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Question Number: 32222

Law 12 - Fouls and Misconduct 2/9/2018

RE: Rec Adult

Russell of Sydney, Australia asks...

Keen to hear the panels thoughts on the following challenge.

Who is at fault?

The player who is makes a clean kick on the ball, yet his follow through collects an opponent coming in at equal speed.
Doubtless there is the argument that the kicker might have been able to foresee the outcome, and therefore not have played the ball in such a manner. Fair argument.

But then, what of the opponents responsibility?
Could they too have foreseen what might occur and take some action to avoid the outcome. Could they have realised that they were on a physical 'hiding to nothing' and not put themselves in a dangerous position of someone making a fair and legal kick at the ball.
By legal, I'm talking about the actions leading to the kick as fair and legal - the follow through contact with the actual ball is another story.

So a question is which player played endangered an opponent or themselves.

The rules allow for us to determine that someone played in a dangerous manner that is as as much a danger to themselves as an opponent.

Everyone is entitled to make a play at the ball, or to make a defensive challenge " in a way that does not endanger a fellow player, opponent, official, or, outside agent.

I'm not saying the card was wrong, but simply promoting debate on an action that in another form, might not attract such a card result. Maybe my objective of the post is to hear about where the line is drawn on what becomes a card for one, as opposed to the other - or no card at all - just a 'coming together'.

Answer provided by Referee Joe McHugh

Hi Russell
This has been asked a number of times over the years. Many times referee hear the phrase *But I got the ball ref*.
Playing the ball is not a free pass at being careless or reckless in challenging for the ball.
Yes many times there will be what is described as coming together of the players after the ball is played away which is not a foul yet that is a long way from a player who knowingly and recklessly follows through into an opponent in the challenge.
In recent times there has been an increase of the challenge that plays the ball yet the player aggressively continues onwards into the opponent. That is a foul, a caution for being reckless and if excessive force is used the player is sent off.
Now in this scenario, in the opinion of the referee , the player used excessive force in the challenge. Now I am mindful of looking at single incidents in isolation. Was the player spoken to before the incident? Was there a pattern of aggressive challenges in the game by this player?
I had one of these at the weekend where a goalkeeper came out, played the ball and his follow through caught the player below the knee on the follow through. It did not look like a foul as the attacker moved into the path of the kick from the side and IMO simply players coming together in a challenge. The attacking team were none too happy yet were somewhat unsure. I also recall a recent game where a player got injured on a challenge where his follow through resulted in him sustaining an injury. As I told the referee at half time that the player was likely to get sent off due to the aggressive follow through nature of his challenges. He had already been cautioned.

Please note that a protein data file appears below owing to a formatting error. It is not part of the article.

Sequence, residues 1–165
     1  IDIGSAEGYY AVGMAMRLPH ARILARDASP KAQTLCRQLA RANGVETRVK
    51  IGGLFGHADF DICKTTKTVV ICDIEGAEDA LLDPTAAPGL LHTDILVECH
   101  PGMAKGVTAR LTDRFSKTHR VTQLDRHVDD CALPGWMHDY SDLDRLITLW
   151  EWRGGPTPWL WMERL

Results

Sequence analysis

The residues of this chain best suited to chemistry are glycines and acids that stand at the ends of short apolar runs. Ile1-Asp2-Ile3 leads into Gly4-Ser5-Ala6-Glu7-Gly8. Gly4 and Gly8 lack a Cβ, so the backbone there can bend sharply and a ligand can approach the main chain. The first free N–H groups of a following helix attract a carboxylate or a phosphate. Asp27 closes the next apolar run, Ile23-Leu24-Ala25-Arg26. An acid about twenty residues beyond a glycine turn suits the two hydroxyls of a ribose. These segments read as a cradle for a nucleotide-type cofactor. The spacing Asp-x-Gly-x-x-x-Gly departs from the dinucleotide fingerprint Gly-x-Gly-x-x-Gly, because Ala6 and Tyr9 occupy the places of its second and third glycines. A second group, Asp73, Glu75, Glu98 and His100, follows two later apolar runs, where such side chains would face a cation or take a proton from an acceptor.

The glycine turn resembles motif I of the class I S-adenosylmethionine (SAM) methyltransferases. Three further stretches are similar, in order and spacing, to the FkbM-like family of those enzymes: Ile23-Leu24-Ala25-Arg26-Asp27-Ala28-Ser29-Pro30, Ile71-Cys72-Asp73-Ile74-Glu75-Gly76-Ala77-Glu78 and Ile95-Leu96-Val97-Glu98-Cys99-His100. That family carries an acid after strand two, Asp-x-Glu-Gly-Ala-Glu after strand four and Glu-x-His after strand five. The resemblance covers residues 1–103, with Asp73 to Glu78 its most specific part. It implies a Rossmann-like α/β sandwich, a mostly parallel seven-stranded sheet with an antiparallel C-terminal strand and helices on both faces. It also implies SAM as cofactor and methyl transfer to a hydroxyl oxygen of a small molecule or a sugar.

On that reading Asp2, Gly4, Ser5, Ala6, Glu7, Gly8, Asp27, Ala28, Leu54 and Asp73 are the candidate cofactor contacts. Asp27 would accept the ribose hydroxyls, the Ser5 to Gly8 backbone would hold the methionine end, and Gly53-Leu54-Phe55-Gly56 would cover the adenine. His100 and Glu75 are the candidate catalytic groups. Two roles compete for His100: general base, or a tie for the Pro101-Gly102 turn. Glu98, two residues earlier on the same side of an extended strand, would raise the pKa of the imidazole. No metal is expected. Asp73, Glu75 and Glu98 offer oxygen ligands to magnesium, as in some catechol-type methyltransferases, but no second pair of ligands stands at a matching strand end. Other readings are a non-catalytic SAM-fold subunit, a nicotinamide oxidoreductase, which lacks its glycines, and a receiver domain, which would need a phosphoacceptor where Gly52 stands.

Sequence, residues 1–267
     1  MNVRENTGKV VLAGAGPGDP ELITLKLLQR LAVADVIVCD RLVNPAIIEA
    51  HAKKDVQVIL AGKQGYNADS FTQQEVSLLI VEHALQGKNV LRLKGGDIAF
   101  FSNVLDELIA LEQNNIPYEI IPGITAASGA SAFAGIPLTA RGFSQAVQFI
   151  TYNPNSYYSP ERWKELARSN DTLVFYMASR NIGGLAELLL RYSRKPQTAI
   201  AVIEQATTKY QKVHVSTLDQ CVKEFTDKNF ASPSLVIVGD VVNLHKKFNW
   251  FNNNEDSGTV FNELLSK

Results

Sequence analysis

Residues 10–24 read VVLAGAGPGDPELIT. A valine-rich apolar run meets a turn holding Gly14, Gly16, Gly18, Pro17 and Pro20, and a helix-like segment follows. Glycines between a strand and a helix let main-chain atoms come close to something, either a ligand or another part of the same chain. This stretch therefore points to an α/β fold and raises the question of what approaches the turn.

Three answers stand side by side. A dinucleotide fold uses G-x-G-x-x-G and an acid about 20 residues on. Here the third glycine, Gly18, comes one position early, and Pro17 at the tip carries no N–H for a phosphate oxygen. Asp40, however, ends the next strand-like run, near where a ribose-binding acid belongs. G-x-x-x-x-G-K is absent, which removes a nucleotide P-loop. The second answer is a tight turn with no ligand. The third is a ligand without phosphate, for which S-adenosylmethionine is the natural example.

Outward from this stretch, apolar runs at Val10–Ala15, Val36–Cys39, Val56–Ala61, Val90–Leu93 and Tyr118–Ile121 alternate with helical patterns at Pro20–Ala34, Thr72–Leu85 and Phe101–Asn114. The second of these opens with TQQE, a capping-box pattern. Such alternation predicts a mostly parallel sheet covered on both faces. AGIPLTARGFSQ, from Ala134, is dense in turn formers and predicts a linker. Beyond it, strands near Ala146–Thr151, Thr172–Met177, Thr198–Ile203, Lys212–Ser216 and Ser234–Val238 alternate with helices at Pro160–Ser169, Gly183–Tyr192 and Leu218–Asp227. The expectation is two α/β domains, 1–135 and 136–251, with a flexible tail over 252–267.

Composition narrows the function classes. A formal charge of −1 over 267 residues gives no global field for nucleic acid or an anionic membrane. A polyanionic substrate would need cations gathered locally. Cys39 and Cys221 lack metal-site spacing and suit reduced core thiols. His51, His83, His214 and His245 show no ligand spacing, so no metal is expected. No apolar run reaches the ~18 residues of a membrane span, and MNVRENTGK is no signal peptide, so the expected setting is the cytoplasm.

In the sending off in your question I would say that the referee may have been swayed by
1. How high up the contact was on the opponent
2. The straight leg nature of the follow through
3. There did not appear to be any effort to limit the follow through and no concern for the player.
4. Could the player have avoided the manner of his kick with a pull back after the ball was played.
On balance I would say that the player acted with disregard to the danger to, or consequences for, the opponent and the player endangered the safety of the opponent which moved it from a caution to a dismissal.
I think most referees would go with red here. As I said I have encountered challenges where there has been accidental contact after the ball is played and also seen cautions and dismissals in such circumstances . In my example above with the goalkeeper perhaps another referee would see it differently and angle of view can have a bearing.

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Answer provided by Referee Peter Grove

Hi Russell,
In deciding whether a foul has taken place, I believe the referee should use the guidelines contained in the law to decide whether it was a legal challenge or a foul. If the referee judges that a challenge was, at a minimum, careless they should award a free kick. If the referee opines that the challenge was reckless or used excessive force, they should in addition, issue a caution or dismissal, respectively. The law gives additional information on the definitions of careless, reckless and excessive force.

I have to say that based on your various questions I would say you have a firm grasp of the Laws and a good sense of foul recognition and while videos can be useful in showing an example of an incident that might be difficult to describe in words, I am not convinced that looking at televised games and analysing a referee's decisions in them is always particularly helpful in deciding how you as a referee should call fouls.

For me, so long as you are acting within the confines of the Laws and applying their requirements as written, you should call fouls as you see them, and not be overly mindful of how another referee might have made calls in a game that they were in charge of.

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